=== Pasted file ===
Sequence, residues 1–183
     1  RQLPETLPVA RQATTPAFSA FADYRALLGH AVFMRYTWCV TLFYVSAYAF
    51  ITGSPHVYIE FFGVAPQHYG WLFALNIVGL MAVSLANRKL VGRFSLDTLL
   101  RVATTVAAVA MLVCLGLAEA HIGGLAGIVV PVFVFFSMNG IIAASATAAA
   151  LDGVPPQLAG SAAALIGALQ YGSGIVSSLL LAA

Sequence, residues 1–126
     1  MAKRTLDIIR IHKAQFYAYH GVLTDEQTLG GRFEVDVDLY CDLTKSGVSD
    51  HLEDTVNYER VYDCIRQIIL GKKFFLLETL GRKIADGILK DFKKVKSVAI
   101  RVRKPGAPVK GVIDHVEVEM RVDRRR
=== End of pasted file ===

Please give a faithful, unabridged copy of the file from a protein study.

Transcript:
Sequence, residues 1–183
     1  RQLPETLPVA RQATTPAFSA FADYRALLGH AVFMRYTWCV TLFYVSAYAF
    51  ITGSPHVYIE FFGVAPQHYG WLFALNIVGL MAVSLANRKL VGRFSLDTLL
   101  RVATTVAAVA MLVCLGLAEA HIGGLAGIVV PVFVFFSMNG IIAASATAAA
   151  LDGVPPQLAG SAAALIGALQ YGSGIVSSLL LAA

Sequence, residues 1–126
     1  MAKRTLDIIR IHKAQFYAYH GVLTDEQTLG GRFEVDVDLY CDLTKSGVSD
    51  HLEDTVNYER VYDCIRQIIL GKKFFLLETL GRKIADGILK DFKKVKSVAI
   101  RVRKPGAPVK GVIDHVEVEM RVDRRR